They Said What?

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Confucius said: “A man who commits a mistake and doesn’t correct it is committing another mistake.”


They Said What? identifies “mistakes” in high-visibility contexts and offers those who committed the mistakes the opportunity to correct, apologize for or retract their mistakes…or explain how their positions are correct and we have made a mistake by questioning them.

In each case, the links and screenshots provide that documentation.  All we want is for these perpetrators either to explain themselves, or to stop doing things like harming employees or lying about saving the lives of cancer victims who never had cancer in the first place.

Further, as described in the FAQs, we offer the perpetrators of the possible mistakes fully three courtesies that very few other critics would allow:

  1. We provide “equal billing” – the perpetrators can comment and we will print the comments;
  2. We don’t ambush the perpetrators – they know what they are doing and shouldn’t be surprised when they get caught doing it;
  3. Uniquely, as described in the FAQs, we also offer these organizations between $1000 and $2,000,000, payable to them or their favorite charity, to publicly apologize or prove us wrong.  This is probably the first time in history that anyone has offered bribes to people to simply encourage them to tell the truth.

While we would appreciate the same courtesies if indeed we make mistakes, we of course do not expect even one of these courtesies from critics of our work.


8 Comments

  1. Howard Lang says:

    I think it is great! We continually get lies, lies and more damn llies.

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  2. Is there a way to follow your blog by email?

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    • whynobodybelievesthenumbers says:

      I am just mastering this whole WordPress thing now. Let me see if i can figure out how to do that.

      Like

  3. […] that apps cause better outcomes. While lingering skepticism will prove to be another bonanza for outfits like this, the luster of smart-device gadgetry will be too much to resist. As a result, it’s only a […]

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  4. SBD says:

    I am in FedEx wellness program. This was the first year I was eligible, and I didn’t get the memo (apparently public knowledge around FedEx) that you are supposed to lie on the health form. I stupidly told them I have a cardiac disease. It’s congenital and controlled but there wasn’t any place on the form to explain that. Some halfwitted “coach” called me up and offered to “help” me. I told her what I had. She had never heard of it so I spent the whole half-hour explaining to her what it was.

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  5. To a certain extent you are right. But not all efforts to help people avoid disease crises are evil. I have been in healthcare caring for people for fifty- two years. I have experienced helping people in the end stages of disease die with dignity. My only sister died from complications of diabetes at age forty-eight. She didn’t need do die that young! I helped her die for ten years, that was 1989. I have since dedicated my work to helping people avoid disease and promoting good health. I personally dislike the term wellness. I prefer to say we promote good health and help people avoid disease.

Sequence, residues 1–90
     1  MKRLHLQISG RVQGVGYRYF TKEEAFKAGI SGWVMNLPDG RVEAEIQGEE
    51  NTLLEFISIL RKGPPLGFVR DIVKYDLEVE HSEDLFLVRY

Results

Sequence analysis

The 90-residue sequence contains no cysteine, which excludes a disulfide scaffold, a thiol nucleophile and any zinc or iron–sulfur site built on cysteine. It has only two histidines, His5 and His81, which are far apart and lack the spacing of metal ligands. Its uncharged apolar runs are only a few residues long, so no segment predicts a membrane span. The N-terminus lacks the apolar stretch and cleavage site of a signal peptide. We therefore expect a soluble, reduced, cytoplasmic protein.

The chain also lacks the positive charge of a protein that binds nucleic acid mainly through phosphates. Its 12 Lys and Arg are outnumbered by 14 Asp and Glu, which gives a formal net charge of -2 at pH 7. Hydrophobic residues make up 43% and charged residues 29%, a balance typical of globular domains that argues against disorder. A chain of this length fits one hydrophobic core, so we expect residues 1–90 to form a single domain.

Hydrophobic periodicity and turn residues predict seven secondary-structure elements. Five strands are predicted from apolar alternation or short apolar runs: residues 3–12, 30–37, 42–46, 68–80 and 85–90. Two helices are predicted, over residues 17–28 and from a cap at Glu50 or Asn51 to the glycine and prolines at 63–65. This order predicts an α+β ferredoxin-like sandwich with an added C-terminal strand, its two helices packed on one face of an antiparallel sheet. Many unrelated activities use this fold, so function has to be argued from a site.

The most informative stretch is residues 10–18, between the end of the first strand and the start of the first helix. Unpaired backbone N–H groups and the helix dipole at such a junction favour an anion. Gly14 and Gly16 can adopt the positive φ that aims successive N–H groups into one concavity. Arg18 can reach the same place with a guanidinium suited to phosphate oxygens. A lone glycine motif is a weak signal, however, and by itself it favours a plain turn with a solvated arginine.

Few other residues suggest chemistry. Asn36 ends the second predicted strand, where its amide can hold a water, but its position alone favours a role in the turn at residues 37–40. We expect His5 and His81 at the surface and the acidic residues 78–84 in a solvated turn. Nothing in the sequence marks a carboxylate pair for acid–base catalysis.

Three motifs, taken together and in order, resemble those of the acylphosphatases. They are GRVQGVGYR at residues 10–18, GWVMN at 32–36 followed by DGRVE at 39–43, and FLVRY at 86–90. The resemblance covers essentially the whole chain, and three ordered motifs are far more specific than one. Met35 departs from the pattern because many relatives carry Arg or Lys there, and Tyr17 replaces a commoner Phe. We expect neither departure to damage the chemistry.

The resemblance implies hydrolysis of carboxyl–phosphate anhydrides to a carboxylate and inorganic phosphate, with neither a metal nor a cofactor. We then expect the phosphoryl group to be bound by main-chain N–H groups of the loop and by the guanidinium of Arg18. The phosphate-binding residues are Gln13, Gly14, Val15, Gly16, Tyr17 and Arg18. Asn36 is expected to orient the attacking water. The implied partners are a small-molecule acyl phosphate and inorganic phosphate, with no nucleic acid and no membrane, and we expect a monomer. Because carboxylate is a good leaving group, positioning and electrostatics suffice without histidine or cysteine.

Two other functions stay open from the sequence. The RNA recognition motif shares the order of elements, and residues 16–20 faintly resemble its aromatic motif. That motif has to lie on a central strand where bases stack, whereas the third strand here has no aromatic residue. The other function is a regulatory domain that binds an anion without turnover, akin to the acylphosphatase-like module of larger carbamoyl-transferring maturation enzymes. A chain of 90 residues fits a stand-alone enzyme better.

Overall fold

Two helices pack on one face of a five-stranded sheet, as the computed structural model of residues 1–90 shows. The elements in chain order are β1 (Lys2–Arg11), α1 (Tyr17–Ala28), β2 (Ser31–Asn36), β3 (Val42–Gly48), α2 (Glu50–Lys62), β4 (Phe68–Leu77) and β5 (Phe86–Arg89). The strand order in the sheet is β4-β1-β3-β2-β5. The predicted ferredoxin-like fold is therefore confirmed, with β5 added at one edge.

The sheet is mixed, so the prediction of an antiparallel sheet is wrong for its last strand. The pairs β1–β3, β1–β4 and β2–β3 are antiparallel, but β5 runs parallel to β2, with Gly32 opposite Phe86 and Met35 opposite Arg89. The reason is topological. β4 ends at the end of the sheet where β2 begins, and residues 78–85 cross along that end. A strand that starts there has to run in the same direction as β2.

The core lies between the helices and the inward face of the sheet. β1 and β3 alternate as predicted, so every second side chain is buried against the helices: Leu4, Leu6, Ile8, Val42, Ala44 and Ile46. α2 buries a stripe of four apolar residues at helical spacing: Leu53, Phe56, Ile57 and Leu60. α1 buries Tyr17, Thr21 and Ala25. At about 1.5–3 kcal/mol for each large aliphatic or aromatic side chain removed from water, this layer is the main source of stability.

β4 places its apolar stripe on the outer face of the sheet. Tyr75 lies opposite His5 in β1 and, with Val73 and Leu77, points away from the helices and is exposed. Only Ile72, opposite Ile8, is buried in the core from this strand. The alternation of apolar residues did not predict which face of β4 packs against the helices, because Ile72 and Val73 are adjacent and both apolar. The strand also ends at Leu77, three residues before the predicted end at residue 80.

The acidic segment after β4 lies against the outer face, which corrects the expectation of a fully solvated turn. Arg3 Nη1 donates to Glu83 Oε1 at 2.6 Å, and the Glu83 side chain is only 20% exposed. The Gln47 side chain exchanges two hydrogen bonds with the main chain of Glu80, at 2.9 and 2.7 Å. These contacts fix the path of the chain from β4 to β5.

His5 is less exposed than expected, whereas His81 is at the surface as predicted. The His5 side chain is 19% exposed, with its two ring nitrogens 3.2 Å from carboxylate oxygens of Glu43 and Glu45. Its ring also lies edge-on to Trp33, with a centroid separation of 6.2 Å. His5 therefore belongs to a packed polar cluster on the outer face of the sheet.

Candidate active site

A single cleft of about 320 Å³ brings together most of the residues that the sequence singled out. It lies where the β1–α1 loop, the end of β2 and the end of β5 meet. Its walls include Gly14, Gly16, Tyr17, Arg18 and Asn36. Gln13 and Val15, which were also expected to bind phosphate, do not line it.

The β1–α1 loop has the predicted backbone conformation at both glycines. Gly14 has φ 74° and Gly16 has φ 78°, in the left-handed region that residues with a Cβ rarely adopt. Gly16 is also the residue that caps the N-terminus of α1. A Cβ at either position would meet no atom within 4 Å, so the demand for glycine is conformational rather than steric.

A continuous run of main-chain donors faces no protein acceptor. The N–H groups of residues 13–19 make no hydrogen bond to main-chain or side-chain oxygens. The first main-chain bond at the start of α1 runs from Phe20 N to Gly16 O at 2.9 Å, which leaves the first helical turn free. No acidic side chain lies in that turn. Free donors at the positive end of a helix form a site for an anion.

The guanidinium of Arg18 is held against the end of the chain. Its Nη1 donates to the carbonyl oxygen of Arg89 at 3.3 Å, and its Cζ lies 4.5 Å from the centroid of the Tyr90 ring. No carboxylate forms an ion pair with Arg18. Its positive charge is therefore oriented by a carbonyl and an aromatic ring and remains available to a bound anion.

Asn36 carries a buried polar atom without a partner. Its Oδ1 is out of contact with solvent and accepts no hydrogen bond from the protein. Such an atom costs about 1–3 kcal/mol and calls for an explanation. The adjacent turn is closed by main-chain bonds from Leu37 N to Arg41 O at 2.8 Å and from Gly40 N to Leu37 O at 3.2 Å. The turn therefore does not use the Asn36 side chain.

The truth is most people will not go to the doctor until they get sick. In some cases that can be too late. In my practice I have to objectives in screening people, to identify health risk factors and undiagnosed disease. In cases where there are significant results we direct them back to their doctor or help them locate a doctor for follow up care. For people with out insurance we offer our screenings at a very low cost. We will charge $85-$125.00 where other facilities charge $300-$900.00 for the same testing.
    Just as maintaining your car is important, maintaining your health is more important. As people age there bodies go through changes, it is important to know when negative changes take place. At age sixty-two I became a diabetic. I am so glad I was tested!
    Obviously you have had some bad experience in the area of healthcare. So have I, but I believe it is better to offer and provide solutions rather than complain. There are many areas of healthcare we can point to as being broken. I might add that I am not getting filthy rich in the work we do helping employers help their employees. We provide Immunizations and other needed service to help prevent disease. The key to our success is the way we do what we do. We service primarily school employees in Texas public schools, some have used our services for over twenty years because their employees request our services. There is a right way to help people with their health.

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    • whynobodybelievesthenumbers says:

      This is a very thoughtful and balanced comment, thank you for providing it. I suspect both are issues. Some people don’t go to the doctor enough. Others way too much. There is no one-size-fits-all answer. Focusing on overdoctoring doesn’t mean ignoring prevention. People who take the http://www.quizzify.com quiz will see both kinds of questions — those focused on avoiding overdoctoring are balanced with those advising ways to patrol one’s own health and identify indications that it might be time to go to the doctor.

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  6. […] applications are best results. While lingering skepticism will prove to be another bonanza for suits like of which , the brightness of smart appliances device will be too much to resist. As a result, the idea is […]

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